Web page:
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18.32 Invertible modules

Here is the definition.

Definition 18.32.1. Let $(\mathcal{C}, \mathcal{O})$ be a ringed site.

  1. A finite locally free $\mathcal{O}$-module $\mathcal{F}$ is said to have rank $r$ if for every object $U$ of $\mathcal{C}$ there exists a covering $\{ U_ i \to U\} $ of $U$ such that $\mathcal{F}|_{U_ i}$ is isomorphic to $\mathcal{O}_{U_ i}^{\oplus r}$ as an $\mathcal{O}_{U_ i}$-module.

  2. An $\mathcal{O}$-module $\mathcal{L}$ is invertible if the functor

    \[ \textit{Mod}(\mathcal{O}) \longrightarrow \textit{Mod}(\mathcal{O}),\quad \mathcal{F} \longmapsto \mathcal{F} \otimes _\mathcal {O} \mathcal{L} \]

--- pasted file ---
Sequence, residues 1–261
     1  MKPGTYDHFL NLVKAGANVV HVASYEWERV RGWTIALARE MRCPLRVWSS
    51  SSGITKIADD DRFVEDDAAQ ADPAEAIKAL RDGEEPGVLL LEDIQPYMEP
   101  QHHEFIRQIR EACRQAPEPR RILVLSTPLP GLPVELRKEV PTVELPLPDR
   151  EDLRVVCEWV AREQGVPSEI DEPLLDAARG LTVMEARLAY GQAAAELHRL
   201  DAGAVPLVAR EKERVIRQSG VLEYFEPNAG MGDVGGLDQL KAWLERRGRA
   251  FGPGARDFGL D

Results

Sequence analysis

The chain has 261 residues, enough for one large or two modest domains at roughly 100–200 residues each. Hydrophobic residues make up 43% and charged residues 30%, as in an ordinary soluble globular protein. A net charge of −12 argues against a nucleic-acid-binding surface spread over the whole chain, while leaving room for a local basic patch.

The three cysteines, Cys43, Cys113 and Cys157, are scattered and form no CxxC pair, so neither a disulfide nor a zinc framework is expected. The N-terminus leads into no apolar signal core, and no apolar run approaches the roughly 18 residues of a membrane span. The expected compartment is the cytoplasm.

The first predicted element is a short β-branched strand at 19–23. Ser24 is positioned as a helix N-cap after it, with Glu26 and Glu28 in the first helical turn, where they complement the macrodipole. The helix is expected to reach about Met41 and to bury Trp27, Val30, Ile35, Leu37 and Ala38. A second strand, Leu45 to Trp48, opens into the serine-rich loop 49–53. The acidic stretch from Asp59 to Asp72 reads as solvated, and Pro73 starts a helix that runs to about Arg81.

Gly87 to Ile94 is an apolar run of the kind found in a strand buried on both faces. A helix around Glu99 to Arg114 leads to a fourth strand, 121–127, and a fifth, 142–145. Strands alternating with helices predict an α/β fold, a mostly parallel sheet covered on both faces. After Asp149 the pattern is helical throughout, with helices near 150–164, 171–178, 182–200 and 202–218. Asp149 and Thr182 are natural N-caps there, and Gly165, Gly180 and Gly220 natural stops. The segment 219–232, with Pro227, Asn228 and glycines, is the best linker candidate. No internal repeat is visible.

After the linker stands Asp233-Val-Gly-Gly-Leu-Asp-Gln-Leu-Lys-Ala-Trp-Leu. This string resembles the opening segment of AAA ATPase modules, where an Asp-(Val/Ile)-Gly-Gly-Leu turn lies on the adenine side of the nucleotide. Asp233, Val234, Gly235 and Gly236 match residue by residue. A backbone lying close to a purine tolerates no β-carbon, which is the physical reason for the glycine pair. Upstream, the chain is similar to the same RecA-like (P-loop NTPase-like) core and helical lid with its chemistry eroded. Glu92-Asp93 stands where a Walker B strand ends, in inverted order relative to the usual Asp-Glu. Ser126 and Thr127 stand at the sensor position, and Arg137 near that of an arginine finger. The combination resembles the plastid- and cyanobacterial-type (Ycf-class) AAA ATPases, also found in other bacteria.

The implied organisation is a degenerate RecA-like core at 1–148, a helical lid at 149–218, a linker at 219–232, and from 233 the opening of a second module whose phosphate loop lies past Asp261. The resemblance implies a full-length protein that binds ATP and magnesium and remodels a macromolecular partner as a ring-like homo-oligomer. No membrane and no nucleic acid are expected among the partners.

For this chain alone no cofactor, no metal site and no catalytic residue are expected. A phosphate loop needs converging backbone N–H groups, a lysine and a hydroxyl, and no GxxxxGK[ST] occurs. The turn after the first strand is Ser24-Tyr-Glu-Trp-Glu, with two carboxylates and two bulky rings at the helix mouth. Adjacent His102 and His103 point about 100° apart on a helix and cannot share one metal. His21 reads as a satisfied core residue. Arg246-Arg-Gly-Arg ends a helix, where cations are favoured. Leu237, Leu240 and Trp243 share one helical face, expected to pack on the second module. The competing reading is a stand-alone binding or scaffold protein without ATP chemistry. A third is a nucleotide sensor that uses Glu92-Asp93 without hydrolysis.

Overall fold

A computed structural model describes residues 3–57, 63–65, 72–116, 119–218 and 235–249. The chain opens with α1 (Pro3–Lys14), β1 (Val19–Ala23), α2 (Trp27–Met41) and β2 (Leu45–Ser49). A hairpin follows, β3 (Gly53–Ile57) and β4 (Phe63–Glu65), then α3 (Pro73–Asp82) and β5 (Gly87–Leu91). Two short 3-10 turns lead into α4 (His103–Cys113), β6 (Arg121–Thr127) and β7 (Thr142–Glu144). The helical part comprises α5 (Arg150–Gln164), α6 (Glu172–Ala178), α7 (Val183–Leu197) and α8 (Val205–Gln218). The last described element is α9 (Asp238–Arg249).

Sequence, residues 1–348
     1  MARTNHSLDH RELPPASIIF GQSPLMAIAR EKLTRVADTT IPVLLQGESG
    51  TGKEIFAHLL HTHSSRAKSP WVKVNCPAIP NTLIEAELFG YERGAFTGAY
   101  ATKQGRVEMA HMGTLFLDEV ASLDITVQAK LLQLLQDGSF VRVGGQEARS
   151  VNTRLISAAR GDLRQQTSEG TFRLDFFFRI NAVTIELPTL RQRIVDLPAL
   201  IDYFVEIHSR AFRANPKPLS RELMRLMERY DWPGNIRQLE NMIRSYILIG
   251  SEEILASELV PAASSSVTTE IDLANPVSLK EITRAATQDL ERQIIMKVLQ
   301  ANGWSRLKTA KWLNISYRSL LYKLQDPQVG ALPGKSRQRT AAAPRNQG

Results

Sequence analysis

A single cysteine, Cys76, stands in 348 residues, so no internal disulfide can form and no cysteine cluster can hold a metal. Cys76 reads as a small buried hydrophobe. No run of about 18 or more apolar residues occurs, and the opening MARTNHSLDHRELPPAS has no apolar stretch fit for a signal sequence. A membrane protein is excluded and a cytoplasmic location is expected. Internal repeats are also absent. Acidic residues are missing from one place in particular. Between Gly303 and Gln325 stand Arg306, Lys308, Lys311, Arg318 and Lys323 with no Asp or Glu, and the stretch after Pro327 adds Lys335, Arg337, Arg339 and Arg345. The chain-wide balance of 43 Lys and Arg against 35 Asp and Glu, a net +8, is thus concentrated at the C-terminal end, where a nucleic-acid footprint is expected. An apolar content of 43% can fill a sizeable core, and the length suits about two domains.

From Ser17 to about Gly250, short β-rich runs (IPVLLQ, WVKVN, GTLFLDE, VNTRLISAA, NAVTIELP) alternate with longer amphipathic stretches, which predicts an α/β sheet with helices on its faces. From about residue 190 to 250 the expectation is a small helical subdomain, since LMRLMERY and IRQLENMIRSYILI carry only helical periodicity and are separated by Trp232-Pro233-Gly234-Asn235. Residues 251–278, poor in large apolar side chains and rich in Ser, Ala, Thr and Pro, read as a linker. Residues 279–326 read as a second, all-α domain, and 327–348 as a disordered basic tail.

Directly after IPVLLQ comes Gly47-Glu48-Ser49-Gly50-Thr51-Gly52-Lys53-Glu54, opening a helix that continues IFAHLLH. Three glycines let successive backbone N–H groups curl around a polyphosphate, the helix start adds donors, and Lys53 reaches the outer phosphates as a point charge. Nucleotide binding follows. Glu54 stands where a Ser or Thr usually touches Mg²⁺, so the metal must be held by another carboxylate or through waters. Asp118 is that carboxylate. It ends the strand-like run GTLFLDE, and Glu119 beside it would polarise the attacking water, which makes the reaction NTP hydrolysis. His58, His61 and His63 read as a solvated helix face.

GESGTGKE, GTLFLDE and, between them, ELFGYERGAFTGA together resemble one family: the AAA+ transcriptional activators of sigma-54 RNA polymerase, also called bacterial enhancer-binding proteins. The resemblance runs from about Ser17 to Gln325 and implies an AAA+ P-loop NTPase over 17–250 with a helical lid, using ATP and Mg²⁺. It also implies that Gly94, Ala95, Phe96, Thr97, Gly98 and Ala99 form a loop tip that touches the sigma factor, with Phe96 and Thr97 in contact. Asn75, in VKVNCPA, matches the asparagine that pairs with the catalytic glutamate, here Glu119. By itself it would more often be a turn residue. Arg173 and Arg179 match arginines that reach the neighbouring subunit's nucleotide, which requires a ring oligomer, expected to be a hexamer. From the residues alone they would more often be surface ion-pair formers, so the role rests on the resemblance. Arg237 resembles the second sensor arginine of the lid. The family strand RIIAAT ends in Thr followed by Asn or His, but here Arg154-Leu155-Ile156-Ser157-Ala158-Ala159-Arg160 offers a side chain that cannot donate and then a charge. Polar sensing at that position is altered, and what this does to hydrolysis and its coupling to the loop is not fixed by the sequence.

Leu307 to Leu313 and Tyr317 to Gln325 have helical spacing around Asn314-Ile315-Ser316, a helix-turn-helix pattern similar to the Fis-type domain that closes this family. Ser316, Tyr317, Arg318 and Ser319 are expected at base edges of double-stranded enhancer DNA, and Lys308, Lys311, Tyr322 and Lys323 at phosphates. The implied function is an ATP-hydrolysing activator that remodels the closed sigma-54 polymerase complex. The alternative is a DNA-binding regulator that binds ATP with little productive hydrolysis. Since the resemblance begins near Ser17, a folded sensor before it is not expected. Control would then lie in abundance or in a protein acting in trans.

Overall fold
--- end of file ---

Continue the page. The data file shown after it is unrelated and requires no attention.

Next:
is an equivalence.

  3. The sheaf $\mathcal{O}^*$ is the subsheaf of $\mathcal{O}$ defined by the rule

    \[ U \longmapsto \mathcal{O}^*(U) = \{ f \in \mathcal{O}(U) \mid \exists g \in \mathcal{O}(U)\text{ such that }fg = 1\} \]

    It is a sheaf of abelian groups with multiplication as the group law.

Lemma 18.40.7 below explains the relationship with locally free modules of rank $1$.

Lemma 18.32.2. Let $(\mathcal{C}, \mathcal{O})$ be a ringed site. Let $\mathcal{L}$ be an $\mathcal{O}$-module. The following are equivalent:

  1. $\mathcal{L}$ is invertible, and

  2. there exists an $\mathcal{O}$-module $\mathcal{N}$ such that $\mathcal{L} \otimes _\mathcal {O} \mathcal{N} \cong \mathcal{O}$.

In this case we have

  1. $\mathcal{L}$ is a flat $\mathcal{O}$-module of finite presentation,

  2. for every object $U$ of $\mathcal{C}$ there exists a covering $U\{ U_ i \to U\} $ such that $\mathcal{L}|_{U_ i}$ is a direct summand of a finite free module, and